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Monthly Archives: March 2010

Great film for Google’s internet browser Chrome. Created by BBH New York, BBH London & the team at Glue London worked super closely together with the Google team on the development of the strategy, creative and media. The Director was Aaron Duffy and the production company were 1st Avenue Machine in New York. Behind the scene is here.

Bookmark this wonderful website for testing and comparing the appearance of type on screen. It includes the safe list (common fonts in Windows and Mac), Windows default list and Mac default list, in order to “make web designer’s life easier”.

Nagoya, Japan based graphic designer Kenichi’s thesis project Japan: The Strange Country is a very good example of info-graphic, motion piece.

Excellent (and free!), online color picker which lets you pick a color theme based upon various parameters and even shows you light and dark versions of a dummy web page. There are many tabs which let you adjust tonal values, lightness, saturation etc. Also on the top you will see little wheels which operate based upon various color contrast schemes.

Tip: The further you go right with these wheels the nicer your color scheme is likely to be. Analogic usually works better than Complementary – especially for beginners!

for those who are curious, a nice motion graphics explanation by melih bilgil.

Excellent collection of 20th century Graphic Design, particularly International Typographic Style.

Two CI systems by Massimo Vignelli from Alki1’s Flickr.


babylon logo was never a special one but this..

on/off logo will never be the same for me… neither will babylon:)


I stumbled upon some interesting data visualization from 1874. The data might be controversial but still, you may want to take a look. It gets interesting after screen shot.

-murat d.

when i was just chatting with a friend about how i admire handcrafted – non computational works much more than computational/interactive works, i came across this friendly, kind of crazed project.

cameron moll reconstructed colosseum by type (Goudy Trajan and Bembo Pro to be specific), letter by letter with some additional glyphs based on italian calligrapher M. Giovambattista Palatino, as featured in Libro di M. Giovambattista Palatino Cittadino Romano, published in Rome around 1550 AD.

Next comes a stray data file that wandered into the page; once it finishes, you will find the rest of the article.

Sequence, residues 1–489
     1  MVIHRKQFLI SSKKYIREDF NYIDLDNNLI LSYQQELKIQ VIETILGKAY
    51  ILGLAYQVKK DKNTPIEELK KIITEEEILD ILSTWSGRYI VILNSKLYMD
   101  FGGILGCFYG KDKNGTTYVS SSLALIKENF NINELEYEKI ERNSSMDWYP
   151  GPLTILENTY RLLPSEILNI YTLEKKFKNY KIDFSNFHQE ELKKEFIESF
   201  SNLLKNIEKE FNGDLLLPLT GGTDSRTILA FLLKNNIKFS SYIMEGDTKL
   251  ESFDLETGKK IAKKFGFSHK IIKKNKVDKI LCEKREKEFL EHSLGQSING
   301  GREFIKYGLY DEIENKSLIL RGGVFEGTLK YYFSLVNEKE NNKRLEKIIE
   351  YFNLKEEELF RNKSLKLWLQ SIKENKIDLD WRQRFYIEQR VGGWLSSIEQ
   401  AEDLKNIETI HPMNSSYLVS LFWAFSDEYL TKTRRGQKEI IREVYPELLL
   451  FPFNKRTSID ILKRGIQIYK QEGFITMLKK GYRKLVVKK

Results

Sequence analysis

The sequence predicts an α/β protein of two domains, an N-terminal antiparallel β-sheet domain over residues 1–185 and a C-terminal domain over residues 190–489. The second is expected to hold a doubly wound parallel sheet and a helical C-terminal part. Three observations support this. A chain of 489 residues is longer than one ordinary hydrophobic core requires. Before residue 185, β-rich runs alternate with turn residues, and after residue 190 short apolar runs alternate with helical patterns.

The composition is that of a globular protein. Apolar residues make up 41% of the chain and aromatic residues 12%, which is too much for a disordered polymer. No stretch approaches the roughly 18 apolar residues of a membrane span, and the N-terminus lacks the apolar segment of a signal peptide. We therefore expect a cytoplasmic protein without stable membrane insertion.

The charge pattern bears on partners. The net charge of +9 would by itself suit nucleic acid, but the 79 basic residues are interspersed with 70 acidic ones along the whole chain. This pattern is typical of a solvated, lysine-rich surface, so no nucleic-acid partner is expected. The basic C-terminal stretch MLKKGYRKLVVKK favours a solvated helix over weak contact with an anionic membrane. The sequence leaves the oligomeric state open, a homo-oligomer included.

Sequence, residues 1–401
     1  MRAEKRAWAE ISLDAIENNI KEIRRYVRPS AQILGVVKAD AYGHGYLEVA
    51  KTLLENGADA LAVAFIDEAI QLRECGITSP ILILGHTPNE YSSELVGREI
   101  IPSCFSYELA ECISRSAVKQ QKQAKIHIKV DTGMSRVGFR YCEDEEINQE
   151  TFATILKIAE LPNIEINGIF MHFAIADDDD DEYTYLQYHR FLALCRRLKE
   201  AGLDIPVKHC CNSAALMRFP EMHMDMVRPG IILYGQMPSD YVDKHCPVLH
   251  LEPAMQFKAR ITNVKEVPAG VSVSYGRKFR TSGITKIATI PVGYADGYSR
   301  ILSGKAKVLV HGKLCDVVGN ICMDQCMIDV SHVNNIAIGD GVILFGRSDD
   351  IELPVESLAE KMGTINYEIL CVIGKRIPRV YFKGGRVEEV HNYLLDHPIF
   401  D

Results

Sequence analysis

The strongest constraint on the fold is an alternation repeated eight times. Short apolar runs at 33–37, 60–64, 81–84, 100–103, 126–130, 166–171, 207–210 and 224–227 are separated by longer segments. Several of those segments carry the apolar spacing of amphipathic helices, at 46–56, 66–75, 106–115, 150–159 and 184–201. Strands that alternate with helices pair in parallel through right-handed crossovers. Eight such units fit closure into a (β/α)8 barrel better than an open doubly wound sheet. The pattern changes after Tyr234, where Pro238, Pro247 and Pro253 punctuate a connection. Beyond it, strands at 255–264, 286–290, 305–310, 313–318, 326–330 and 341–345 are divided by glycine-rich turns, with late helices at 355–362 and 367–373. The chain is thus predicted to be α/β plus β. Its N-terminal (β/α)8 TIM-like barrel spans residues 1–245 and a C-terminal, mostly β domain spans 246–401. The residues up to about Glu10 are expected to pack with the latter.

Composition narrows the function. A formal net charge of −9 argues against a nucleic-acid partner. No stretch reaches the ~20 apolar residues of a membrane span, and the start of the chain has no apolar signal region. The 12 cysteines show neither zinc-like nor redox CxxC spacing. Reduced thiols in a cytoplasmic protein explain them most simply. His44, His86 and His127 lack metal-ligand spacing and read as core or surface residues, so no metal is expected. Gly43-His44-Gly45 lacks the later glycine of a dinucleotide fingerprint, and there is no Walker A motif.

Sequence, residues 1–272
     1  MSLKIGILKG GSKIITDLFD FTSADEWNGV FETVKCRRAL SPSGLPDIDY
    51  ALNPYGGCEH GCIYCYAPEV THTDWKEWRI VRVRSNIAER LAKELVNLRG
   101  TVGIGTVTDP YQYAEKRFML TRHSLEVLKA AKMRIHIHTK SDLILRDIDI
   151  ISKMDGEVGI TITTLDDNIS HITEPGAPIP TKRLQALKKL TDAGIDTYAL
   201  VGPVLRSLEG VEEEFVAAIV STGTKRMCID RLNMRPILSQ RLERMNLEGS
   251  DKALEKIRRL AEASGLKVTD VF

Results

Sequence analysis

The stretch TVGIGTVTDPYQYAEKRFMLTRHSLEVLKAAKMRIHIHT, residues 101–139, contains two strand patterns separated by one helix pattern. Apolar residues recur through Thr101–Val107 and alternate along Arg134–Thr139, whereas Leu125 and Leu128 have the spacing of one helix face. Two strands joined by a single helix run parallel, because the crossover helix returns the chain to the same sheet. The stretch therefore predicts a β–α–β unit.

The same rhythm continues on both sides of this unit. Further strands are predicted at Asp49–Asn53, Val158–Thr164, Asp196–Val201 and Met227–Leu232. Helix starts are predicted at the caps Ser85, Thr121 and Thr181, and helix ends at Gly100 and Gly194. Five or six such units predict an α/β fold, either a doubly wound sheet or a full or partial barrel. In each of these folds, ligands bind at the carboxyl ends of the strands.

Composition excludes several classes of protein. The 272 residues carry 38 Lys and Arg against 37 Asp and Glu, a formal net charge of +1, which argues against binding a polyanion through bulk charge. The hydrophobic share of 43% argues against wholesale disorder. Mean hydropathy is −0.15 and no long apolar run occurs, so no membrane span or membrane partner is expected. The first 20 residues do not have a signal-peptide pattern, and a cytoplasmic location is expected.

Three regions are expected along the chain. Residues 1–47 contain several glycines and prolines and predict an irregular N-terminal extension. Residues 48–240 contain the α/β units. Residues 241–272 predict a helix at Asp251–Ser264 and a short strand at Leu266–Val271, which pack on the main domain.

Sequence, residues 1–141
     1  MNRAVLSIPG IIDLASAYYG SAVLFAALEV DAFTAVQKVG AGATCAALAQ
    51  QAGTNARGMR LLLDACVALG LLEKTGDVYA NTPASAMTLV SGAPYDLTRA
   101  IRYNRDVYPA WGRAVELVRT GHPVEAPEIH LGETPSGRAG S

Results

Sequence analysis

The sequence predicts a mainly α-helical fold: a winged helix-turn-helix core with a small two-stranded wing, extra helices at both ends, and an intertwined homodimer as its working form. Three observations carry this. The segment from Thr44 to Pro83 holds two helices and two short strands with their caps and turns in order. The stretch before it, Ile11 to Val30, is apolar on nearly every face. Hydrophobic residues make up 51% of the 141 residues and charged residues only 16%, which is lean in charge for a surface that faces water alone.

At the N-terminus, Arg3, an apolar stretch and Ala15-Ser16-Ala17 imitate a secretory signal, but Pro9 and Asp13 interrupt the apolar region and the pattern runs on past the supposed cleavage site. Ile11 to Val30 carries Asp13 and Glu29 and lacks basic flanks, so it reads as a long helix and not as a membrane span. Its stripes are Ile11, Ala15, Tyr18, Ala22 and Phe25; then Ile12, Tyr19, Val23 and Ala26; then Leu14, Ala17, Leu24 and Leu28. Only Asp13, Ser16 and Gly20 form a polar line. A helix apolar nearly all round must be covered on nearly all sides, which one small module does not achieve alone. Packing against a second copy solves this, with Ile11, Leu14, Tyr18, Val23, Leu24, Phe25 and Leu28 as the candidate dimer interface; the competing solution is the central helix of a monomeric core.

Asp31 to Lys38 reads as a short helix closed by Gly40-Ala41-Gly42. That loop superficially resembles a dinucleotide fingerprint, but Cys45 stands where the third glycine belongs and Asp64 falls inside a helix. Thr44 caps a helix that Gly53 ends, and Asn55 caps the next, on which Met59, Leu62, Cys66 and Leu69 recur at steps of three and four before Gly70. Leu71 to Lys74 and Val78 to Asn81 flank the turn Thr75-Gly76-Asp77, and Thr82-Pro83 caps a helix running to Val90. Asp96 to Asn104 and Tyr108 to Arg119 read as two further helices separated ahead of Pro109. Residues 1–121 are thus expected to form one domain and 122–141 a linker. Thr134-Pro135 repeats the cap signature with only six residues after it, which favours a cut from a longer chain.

i can feel the hard work just by focusing on a little portion of the typed building. just wow…

needless to say. cool. check out balint’s portfolio too!

Trace is a sculptural device that alludes to scientific discoveries and pseudoscientific concepts such as phrenology, physiognomy, and craniometry. A revolving plaster cast of the artist’s head is slowly deconstructed into a mathematical diagram that changes as time passes. The peculiarities of the human face that as humans, we attach so much importance to, is dematerialised into a changing drawing that embodies the differential undulations of the human anatomy. ‘Trace’ questions our notion of self and how through technology we have found different visual representations for the individual. DNA profiling, retina scans and the fingerprint are all things that are conjured up by the meticulous mechanical process of the work. The topographical images are turned into a new form of three-dimensional representation that draws our attention to the ‘space within’.


No other living creature features as heavily in contemporary character design and art as the humble hare. But what exactly makes bunnies so irresistible to artists, designers and illustrators worldwide? Depending on the viewers’ cultural context rabbits can symbolize anything from insanity, alertness, defenselessness, all the way to promiscuity, magic powers and utter innocence. By condensing the endless variations of the rabbit motif into one ultimate system – a perfect bunny mandala – the true nature of the beast emerges: the eternal essence of rabbit.

Pictoplasma ( asked internationally established and upcoming character designers, illustrators and artists around the globe to send in their versions of rabbits, bunnies, hares and everything in between. The result is a full-scale bunny overdose, with far more than 1.500 individual rabbits from 500+ international contributors. [Visual Complexity]

Stunning project by Stefanie Posavec.

The images shown here are a visualization of Part One from the book On the Road by Jack Kerouac. In this piece, entitled Literary Organism, each literary component was divided hierarchically into even smaller parts – Part, Chapters, Paragraphs, Sentences, and ultimately Words, the smallest branch in the diagram. Stephanie also created different colors to distinguish the eleven thematic categories she created for the entirety of On the Road.

Also read more here:

i’ve been following this ui blog for some time and i thought it would be better to share this post with you. don’t get the idea  ‘we should always use rounded rectangles’, that not the point..

Professor Nänni is saying that rounded rectangles are literally easier on the eye. Put another way, compared to square-edged rectangles, rounded rectangles are more computationally efficient for the human brain. To me, this is a revelation. An idea that at the very least demands more investigation.